© Friends of Oaks Park

Friends of Oaks Park

Features of the Park




Welcome to the historic park and gardens of Oaks Park

History

Oaks Park was formerly part of a much larger estate of some 180 odd acres and was the site of one of the great 18th century sporting country houses in England.  

It was here that the 12th Earl of Derby and his friends established the two prestigious horse races in The Oaks and The Derby, which survive today. The Oaks was also the scene of a famous Fête Champêtre in 1774 (a rural festival) to celebrate the betrothal of the Earl to Lady Betty Hamilton.  No expense was spared and would have been attended by the great and the good of Georgian Society.

After passing through several ownerships, the estate was acquired by Carshalton Urban District Council in 1933 and was developed as a public park and a golf course.  By a deed of October 1945, the Urban District Council covenanted with Surrey and London County Councils the use of the park and declared the land to be part of the London Green Belt around London.

The house was demolished between 1956-60 leaving the Bakehouse and outbuildings, some of which, namely the Former Stable Block and the Grotto, are Grade II listed in recognition of their importance.

Archaeological excavations

In 2009 an excavation was carried out by a local archaeological team and the Friends of Honeywood Museum to locate the tops of the foundations of The Oaks which was demolished and which was now covered under the meadow land of the park.  This enabled the site of the house to be marked out on the grass in chalk and with public realm funding from the Local Committee, a number of interpretation boards were commissioned around the park telling the history of the park. In addition, in September 2009 the 19th Earl of Derby visited the park to formally open the markings of the site of the house and planted a commemorative oak tree.  In return, he gave  us ne of the Derby’s racing colours, which resides in the Honeywood Museum.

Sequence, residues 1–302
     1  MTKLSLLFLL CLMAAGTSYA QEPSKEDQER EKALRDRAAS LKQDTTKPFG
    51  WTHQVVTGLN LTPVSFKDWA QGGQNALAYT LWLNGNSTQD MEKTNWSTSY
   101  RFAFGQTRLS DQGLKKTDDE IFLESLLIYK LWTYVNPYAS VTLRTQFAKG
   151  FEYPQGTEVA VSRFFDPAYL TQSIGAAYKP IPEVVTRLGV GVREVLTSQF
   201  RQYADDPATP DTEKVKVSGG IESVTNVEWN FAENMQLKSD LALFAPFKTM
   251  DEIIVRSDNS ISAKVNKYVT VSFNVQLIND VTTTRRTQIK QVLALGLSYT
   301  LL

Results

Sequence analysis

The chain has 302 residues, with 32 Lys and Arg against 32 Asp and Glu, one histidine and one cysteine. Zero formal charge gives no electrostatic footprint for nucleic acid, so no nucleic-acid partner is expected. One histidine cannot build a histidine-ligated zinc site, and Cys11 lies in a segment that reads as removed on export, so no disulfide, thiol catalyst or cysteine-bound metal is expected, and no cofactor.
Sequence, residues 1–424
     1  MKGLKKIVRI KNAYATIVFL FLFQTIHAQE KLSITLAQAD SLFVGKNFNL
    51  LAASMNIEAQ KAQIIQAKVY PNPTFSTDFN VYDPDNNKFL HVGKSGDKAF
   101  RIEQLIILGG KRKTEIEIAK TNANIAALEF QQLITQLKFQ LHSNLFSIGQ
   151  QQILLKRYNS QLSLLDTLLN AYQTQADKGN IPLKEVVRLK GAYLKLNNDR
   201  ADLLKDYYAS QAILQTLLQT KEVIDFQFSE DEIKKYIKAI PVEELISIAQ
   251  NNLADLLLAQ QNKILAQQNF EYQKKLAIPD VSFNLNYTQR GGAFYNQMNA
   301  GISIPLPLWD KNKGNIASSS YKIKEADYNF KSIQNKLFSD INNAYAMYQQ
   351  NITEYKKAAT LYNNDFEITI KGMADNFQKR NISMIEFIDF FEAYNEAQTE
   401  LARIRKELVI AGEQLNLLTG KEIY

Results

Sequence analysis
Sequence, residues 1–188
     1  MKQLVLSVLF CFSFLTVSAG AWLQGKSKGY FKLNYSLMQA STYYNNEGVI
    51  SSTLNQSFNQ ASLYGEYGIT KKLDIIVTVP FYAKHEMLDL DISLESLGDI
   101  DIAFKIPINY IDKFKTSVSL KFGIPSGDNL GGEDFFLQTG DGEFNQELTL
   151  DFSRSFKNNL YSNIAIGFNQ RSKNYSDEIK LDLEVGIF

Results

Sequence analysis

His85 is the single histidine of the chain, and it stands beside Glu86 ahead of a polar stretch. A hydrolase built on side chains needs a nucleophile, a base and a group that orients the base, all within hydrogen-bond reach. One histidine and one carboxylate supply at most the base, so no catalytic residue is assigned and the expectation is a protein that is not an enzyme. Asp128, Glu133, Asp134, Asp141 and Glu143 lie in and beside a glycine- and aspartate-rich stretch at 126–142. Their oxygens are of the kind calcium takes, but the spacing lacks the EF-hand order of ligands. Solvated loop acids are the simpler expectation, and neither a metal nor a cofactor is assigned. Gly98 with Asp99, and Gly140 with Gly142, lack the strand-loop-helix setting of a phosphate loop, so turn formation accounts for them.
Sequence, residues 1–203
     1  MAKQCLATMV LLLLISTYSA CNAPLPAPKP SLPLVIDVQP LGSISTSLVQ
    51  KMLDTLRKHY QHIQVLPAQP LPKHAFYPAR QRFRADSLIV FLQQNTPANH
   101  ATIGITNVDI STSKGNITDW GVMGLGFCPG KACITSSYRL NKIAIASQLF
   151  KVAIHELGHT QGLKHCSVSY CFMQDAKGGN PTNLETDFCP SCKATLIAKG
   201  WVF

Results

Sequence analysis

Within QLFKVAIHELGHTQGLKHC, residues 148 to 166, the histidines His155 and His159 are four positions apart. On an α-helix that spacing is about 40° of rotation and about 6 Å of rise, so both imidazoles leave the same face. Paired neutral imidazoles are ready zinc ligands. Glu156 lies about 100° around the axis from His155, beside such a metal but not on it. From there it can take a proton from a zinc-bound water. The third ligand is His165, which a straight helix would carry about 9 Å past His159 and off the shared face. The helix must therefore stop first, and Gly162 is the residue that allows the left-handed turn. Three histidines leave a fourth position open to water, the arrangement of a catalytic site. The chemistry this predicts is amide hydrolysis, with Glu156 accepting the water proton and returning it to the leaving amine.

A further archaeological excavation was carried out in 2011 to try and locate the famed cockpit reputed to have been built into the floor of one of the rooms in the east wing where birds were pitted against each other.  Unfortunately, no trace was found of the cockpit, although the dig served to increase our understanding of the building.

Books for further reference

Paul Williams:  The History of The Oaks  Volume One: The Stanley Years.

The History of The Oaks Volume Two: The Victorian era to modern times.

Both books are available from Honeywood Museum, Carshalton.




SEE ‘WHAT’S ON’ PAGE FOR DETAILS OF THE AGM
18 NOVEMBER